If you need to buy from a supermarket, buy them several days to a week before you want to make ‘strattu, and let the tomatoes ripen at room temperature. Under no circumstances should uncooked tomatoes be refrigerated. Ever. Cold turns their sugars to starch and you’ll be left with a nasty, mealy tomato.
This is an unripe tomato next to the kind you want to make ‘strattu:
Once all of your tomatoes have been chopped and lightly salted, cook them over high heat, stirring often, until enough of the tomatoes, give off enough liquid to come halfway up the pot. With my stockpot it takes no more than 10 minutes. This next step is important: Turn off the heat and cover the pot. You want to steam the tomatoes for about 30 minutes, so they soften enough to push through a food mill.
Once your tomatoes are soft, push all of them through a food mill with its finest plate. You want no seeds in the sauce. If you don’t have a food mill, you need one — or something that will remove skins and seeds and crush the tomatoes. The old Sicilians would plunge the tomatoes into boiling water, then shock them in cool water to remove the skins. They would then chop the tomatoes by hand, manually removing the seeds. Hard work. Even with a food mill this is a workout. I was sweating by the time I milled the 25 pounds of tomatoes I was working with, and it was not from the heat of the day.
Once you have tomato sauce, pour it into as many shallow containers — cookie sheets, roasting pans, casseroles, etc. — that you can fit into your oven. Get it all in, as you do not want to be working in multiple batches at this point. Turn your oven to 250°F. Now go to your garden and get your secret ingredient:
Yep. Tomato leaves. For 25 pounds of tomatoes, choose 10 sprigs from your healthiest plants. And no, tomato leaves are not overly toxic. Bertolli uses them in his sauces, McGee has analyzed their toxicity here, and I know some old nonnas in Jersey who’ve sworn by them since they left the Old Country. Tomato leaves boost the fresh tomato flavor in your sauces, including ‘strattu.
Close the doors on the oven and walk away. Time is your only obstacle to ‘strattu now. Every few hours go in and stir the sauce. It should never simmer. After about 5 hours, drop the heat to 200°F. Keep moving the sauce toward one container as the water evaporates. I try to get it all into my roasting pan by nightfall.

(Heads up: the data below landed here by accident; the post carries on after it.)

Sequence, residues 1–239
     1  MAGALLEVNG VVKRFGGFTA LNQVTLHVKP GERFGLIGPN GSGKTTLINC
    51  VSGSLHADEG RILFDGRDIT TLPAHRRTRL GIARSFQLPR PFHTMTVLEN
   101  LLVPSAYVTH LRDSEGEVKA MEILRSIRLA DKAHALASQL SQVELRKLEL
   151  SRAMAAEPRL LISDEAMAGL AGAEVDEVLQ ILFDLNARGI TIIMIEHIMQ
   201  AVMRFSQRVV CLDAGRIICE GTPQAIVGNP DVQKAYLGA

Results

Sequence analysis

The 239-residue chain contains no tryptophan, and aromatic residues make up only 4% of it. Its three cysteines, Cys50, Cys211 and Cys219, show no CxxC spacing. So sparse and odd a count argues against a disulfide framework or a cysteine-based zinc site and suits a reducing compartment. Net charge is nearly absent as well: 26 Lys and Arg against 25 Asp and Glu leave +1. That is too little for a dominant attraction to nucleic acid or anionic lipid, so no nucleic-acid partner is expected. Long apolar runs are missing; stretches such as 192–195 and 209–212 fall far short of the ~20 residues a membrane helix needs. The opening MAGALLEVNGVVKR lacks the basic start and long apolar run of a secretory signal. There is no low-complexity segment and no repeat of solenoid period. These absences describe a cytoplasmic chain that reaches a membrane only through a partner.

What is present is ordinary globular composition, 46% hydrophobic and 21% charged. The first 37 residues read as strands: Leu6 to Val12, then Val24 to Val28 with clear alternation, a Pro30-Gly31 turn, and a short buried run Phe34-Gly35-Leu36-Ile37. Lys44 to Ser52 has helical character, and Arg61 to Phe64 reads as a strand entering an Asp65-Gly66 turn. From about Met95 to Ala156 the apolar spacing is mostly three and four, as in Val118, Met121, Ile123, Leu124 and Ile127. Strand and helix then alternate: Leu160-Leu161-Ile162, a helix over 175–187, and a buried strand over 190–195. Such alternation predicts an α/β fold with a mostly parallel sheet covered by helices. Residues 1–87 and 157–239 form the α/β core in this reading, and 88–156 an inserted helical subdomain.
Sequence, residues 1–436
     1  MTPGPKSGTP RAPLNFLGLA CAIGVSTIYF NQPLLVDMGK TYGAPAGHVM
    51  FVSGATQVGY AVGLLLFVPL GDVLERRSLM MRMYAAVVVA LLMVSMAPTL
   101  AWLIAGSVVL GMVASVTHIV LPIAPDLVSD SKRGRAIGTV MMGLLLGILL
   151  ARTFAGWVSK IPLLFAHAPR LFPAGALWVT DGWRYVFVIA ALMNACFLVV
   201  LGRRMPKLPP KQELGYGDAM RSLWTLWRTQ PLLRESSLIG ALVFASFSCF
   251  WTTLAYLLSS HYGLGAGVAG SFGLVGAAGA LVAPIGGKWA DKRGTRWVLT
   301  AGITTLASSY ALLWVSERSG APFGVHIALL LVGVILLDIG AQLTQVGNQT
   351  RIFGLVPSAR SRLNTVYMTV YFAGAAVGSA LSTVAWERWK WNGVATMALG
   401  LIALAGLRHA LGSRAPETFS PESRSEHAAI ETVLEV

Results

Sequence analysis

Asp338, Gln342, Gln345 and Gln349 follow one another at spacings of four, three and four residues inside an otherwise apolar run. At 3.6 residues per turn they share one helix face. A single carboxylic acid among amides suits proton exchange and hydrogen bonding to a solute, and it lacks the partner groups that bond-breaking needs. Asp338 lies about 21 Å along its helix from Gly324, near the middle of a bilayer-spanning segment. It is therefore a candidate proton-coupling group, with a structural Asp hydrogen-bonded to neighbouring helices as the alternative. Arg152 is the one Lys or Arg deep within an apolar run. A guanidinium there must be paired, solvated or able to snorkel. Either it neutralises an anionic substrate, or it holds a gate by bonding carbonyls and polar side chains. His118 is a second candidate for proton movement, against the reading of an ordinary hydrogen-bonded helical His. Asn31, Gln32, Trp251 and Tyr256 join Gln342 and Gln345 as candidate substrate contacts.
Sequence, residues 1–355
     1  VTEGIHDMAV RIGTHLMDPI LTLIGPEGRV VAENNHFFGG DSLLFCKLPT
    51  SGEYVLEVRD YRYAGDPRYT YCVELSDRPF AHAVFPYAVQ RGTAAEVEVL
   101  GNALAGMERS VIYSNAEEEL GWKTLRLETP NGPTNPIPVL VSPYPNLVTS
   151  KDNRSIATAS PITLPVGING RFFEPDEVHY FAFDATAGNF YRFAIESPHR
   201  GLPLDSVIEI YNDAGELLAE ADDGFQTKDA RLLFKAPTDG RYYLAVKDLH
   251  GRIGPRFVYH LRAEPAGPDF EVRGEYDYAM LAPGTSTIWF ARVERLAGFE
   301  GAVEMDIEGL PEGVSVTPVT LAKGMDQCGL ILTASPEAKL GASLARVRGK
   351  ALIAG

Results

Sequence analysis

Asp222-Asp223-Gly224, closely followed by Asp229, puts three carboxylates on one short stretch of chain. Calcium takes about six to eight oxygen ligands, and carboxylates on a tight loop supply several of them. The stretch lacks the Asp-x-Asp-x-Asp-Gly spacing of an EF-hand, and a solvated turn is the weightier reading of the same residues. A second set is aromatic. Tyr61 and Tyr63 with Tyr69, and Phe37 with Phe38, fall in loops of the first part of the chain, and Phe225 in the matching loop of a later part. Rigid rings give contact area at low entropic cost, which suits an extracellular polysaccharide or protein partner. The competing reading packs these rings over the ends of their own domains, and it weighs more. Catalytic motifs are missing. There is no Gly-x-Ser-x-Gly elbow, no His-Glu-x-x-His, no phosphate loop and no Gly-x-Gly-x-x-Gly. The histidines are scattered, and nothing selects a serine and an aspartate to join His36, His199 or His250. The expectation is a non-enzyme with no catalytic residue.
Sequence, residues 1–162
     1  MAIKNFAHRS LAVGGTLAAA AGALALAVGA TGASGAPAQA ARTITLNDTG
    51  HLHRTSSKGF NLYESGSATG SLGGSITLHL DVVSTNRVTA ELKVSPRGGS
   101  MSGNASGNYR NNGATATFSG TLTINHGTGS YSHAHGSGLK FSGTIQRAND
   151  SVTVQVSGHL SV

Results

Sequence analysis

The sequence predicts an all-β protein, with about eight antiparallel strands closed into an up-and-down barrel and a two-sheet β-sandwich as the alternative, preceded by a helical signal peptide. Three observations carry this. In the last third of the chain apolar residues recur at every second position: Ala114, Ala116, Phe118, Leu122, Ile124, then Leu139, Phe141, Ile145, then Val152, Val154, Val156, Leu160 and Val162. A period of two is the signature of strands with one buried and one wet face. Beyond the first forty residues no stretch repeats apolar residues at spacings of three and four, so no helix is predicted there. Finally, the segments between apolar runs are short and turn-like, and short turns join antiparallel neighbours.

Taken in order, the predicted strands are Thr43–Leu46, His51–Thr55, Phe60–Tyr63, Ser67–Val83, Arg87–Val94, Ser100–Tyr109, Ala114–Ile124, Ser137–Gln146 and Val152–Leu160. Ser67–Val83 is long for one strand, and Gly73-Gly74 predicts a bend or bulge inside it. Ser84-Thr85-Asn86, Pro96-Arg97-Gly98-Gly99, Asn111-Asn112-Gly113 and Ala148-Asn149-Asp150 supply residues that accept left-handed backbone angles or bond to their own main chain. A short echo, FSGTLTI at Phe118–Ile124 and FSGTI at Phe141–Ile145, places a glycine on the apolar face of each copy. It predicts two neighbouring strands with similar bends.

Once the tomatoes get tighter than a typical pasta sauce, pull out the tomato leaves. It’s OK if one or two leaves are stuck in the mix, but be sure to get all the stems out.
After that first day, meaning about 12 hours in the oven, turn the heat off and let the tomatoes sit in the oven overnight. They’ll be OK. Trust me.
The second day, turn the oven to 200°F. Now you will need to stir every hour for another 6 to 8 hours. You will have conserva by morning, and it is this second day that turns conserva to ‘strattu. Toward the end of the second day, the paste will darken and will need to be folded over itself every 30 minutes or so. You know you are done when you can pick up the paste and knead it like clay. It will be brick red.
What now? Coat the ‘strattu in a thin layer of olive oil, then coat the inside of a half-pint jar with olive oil. Working carefully, press the ‘strattu into the jar making sure there are no air pockets. Use a butter knife to help pack the paste in the jars — and the flatten it out once it is inside.
Top with 1/2 inch of olive oil. It will keep for 6-8 months in the pantry, but if this worries you, lower the covering of olive oil to 1/4 inch and keep the ‘strattu in the fridge. As you use it, be sure the ‘strattu stays covered in olive oil, and scrape off any mold that develops early; if black mold appears, toss it out. It’s happened to me once over the years, so black mold is not common.
Finding a way to make ‘strattu when it was raining felt like snatching one of those missed opportunities back from the bin. It also forced me to slow down this past weekend, something I have a hard time doing but needed very much. Now as I head into another autumn, I have four pints of the magic paste — more than enough to get me through a winter of long braises and slow-simmered stews. One less regret, one more comforting row on the pantry shelf.